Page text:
Texans are big on Italian food, but for many years, I could count the number of fellow Texans I knew who’d been to Italy on one hand. It wasn’t until the day I made the acquaintance of a man named Patrick Kiker that I had to start using my second hand. Above: Pienza in the Tuscan countryside.
Kiker, founder of “For the Love of Italy,” a blog that fuses travel, cuisine and Texas, was just as inspired after going to Italy as I was. “My journey to Italy ignited a spark inside,” he explains. “I discovered that living beyond my comfort zone was surprisingly simple, that travel outside Texas was within my reach.”
Kiker took his maiden voyage to Italy in the summer of 2006, to celebrate his 40th birthday. Although he intended for the trip to be his life’s only European vacation, he has since been back several times, and is currently in Italy on his sixth trip. Kiker has learned some Italian during his travels to Italy — and has reportedly even dreamt in Italian several times.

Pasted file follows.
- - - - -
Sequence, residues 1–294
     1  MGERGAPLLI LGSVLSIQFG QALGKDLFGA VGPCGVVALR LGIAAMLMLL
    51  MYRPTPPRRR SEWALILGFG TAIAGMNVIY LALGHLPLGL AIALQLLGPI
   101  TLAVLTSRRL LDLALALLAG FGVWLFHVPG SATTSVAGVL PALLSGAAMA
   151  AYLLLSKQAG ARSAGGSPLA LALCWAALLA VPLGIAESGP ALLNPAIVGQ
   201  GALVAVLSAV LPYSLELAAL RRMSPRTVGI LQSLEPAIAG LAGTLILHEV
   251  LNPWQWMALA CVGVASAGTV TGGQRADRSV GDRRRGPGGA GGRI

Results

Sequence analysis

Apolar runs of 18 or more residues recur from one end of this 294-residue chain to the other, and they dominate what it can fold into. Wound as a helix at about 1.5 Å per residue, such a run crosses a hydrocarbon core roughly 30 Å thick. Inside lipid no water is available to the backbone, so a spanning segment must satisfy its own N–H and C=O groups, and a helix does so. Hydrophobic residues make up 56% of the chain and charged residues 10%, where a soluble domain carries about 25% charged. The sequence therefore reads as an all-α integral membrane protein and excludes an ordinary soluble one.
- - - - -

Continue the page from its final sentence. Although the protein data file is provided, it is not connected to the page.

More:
During his trips to Italy, Kiker has gotten to know the country well, from popular cities Naples and Rome to more obscure reaches of the Italian countryside. While he enjoys spending time in larger Italian cities like Milan and Venice for shopping and other creature comforts, he prefers country towns and villas to hotels and central business districts.
“If the Amalfi Coast and the Tuscan countryside arm-wrestled,” he answers, when asked where his favorite place in Italy is, “win or lose, you’d find yourself a winner.”
“But it’s so easy to gravitate to a particular region of Italy,” Kiker admits, going on to note that although Italy is less than half the size of Texas, its geographical and cultural diversity can make it difficult to cover a lot of ground.
“Make a list of the top 3 largest, well-known, Italian cities you’ve heard about,” he suggests, “and put them in a list labeled ‘#2′.” He further recommends that travelers come in the off-season, to avoid the crowds and heat, which can cheaper the experience of traveling in Italy during summer.
As far as how his experiences in Italy will fit into Kiker’s future, that’s not as clear. ”I’m always exploring ways to connect folks to take action whether that be visually, texturally or in between. If my dream came true, I’d operate rental property in Italy and be able to invite folks over for some life-changing wine, food, historical insight and conversation.”